In January 2010 David and Jenny set off to explore the desert regions of Oman. Although an organised and, in many ways, modern country, Oman has retained much of it’s culture and history. The infrastructure in the form of housing, roads, water and electricity should be the envy of any western country. There is little unemployment, and you would be hard put to find a cleaner place anywhere in the world.
However, it is the beauty of the natural environment that has the most impact. Once you are away from the coast and into the desert, the oases and hill villages have retained their individuality and character. The mountains are riven with spectacular gorges and wadis, the oases are festooned with huge date palm plantations and there is very little evidence of poverty. Terraced gardens climb the rocky hillsides and the ancient aflaj system irrigates the crops of Pomegranate, Apricot and Roses.
There are many forts in the desert of Oman. Most of them have been restored or are undergoing restoration. This one at Bahla is part restored. It sits adjacent to the old mud built houses, now crumbling slowly back into the desert. Opposite the modern houses gleam in the sunshine but lack the character of the old ruins. David had a lot of help from the local children whilst sketching this scene.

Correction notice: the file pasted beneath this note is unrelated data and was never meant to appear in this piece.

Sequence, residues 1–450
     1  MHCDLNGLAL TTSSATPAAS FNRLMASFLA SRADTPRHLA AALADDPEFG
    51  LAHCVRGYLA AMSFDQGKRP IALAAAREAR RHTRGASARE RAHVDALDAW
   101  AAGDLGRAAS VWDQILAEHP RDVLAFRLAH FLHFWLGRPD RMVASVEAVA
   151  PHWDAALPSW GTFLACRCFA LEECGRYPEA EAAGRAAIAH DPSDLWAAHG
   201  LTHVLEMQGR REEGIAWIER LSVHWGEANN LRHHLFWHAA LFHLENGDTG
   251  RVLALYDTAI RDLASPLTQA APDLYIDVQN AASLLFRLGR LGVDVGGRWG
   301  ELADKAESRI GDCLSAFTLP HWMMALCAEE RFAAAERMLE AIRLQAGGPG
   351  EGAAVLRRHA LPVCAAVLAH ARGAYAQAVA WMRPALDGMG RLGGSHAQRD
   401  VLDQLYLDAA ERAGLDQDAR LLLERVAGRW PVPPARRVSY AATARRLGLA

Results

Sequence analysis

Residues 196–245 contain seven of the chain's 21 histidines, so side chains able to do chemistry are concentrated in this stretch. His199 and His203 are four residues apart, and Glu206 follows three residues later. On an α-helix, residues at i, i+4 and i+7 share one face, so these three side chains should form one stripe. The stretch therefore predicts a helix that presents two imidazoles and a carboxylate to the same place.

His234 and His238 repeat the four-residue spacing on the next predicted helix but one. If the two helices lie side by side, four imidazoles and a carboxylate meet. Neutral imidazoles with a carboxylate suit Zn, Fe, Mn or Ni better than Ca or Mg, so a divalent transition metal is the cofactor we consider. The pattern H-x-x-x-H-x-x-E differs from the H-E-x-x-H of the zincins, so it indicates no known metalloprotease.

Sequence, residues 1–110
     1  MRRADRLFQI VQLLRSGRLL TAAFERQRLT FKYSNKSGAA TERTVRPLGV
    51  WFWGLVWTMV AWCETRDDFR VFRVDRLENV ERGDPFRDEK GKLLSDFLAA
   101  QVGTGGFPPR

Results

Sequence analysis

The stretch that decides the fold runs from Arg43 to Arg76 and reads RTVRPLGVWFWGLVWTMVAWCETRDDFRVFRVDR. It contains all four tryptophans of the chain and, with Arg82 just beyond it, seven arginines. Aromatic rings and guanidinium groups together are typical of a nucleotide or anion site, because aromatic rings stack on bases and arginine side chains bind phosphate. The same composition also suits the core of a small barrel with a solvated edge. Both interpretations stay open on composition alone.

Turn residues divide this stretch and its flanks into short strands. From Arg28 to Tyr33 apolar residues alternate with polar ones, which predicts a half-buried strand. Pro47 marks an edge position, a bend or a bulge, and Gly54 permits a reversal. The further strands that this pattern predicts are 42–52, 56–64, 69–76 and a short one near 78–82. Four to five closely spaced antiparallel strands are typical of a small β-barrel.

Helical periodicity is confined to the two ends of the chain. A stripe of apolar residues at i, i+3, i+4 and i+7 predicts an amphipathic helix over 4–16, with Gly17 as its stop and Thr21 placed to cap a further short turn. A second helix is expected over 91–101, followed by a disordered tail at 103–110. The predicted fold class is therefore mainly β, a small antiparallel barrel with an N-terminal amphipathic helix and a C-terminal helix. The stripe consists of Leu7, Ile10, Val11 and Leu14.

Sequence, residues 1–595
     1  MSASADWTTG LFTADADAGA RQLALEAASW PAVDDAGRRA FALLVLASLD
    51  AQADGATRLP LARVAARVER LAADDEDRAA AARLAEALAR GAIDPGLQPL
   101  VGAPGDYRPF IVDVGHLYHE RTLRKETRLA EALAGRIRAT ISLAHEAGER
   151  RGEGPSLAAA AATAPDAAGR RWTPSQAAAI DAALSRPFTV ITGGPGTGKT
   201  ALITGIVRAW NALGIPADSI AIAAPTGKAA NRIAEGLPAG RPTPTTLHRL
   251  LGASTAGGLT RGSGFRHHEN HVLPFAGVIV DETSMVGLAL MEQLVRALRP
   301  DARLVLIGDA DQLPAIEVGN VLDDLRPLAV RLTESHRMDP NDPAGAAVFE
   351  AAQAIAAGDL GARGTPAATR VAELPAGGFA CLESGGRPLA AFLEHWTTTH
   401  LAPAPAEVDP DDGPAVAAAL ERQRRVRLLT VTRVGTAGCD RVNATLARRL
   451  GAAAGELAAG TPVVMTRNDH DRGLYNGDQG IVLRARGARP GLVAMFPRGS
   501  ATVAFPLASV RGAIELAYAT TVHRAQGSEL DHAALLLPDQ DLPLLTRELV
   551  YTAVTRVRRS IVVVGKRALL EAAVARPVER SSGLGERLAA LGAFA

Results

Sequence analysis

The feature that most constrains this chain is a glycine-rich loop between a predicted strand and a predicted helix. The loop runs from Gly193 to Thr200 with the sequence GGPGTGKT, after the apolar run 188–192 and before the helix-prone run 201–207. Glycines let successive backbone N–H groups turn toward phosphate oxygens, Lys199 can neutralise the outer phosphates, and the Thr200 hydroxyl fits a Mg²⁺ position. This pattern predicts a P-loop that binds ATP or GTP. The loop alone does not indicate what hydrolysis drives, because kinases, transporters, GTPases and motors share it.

Wadi Bani Habib, an old abandoned village, is hidden in a gorge. The houses cling to the rocky hillside above the wadi where the terraced gardens that used to support the ancient community are still cultivated by the villagers who now live in smart new houses at the top of the gorge. On the way down to this village Jenny passed an old lady carrying a huge load of firewood on her back up the steep steps without any apparent effort.
Dusk in the Jebel Akhbar mountains invariably meant a spectacular sunset. This is the view from Jebel Shams camp, perched above the spectacular gorge of Wadi Nakker, the grand canyon on Oman.
Back on the coast Mutrah Corniche is in the old part of Muscat, the capital. The number of mosques is astonishing and each one beautifully maintained. At dawn and dusk the call to prayer echoes around the harbour. The headlands are littered with old forts, a relic of a more turbulent time on this romantic coastline.
David and Jenny travelled with The Ultimate Travel Company